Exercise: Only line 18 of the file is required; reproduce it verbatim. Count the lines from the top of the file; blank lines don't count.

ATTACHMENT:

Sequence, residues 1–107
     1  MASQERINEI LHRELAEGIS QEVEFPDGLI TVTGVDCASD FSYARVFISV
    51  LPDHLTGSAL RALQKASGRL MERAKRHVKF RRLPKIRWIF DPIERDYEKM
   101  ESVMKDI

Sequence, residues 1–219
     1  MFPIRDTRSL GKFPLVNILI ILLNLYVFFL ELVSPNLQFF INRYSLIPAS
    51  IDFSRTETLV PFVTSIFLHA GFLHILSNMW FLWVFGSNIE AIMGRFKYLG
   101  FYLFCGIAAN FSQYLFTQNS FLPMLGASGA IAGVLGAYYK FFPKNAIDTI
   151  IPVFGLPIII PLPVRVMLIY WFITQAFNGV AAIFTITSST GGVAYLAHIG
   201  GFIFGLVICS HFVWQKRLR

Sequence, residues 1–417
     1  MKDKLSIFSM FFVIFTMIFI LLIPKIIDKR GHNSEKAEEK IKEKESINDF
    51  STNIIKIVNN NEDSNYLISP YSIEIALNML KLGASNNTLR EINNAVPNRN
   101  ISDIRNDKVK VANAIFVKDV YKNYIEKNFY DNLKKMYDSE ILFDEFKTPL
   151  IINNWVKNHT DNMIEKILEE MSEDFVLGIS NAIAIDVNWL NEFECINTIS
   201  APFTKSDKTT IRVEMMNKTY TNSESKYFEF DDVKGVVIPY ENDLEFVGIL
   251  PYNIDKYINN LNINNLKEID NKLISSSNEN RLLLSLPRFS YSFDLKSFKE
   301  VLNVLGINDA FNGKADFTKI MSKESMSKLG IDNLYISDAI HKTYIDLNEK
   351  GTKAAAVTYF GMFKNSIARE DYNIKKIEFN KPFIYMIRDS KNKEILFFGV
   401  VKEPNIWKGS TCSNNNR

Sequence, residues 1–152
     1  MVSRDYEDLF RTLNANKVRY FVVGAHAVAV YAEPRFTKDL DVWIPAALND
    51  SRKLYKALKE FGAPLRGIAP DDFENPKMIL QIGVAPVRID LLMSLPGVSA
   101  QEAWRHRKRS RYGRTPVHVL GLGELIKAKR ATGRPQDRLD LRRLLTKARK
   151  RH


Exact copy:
   301  VLNVLGINDA FNGKADFTKI MSKESMSKLG IDNLYISDAI HKTYIDLNEK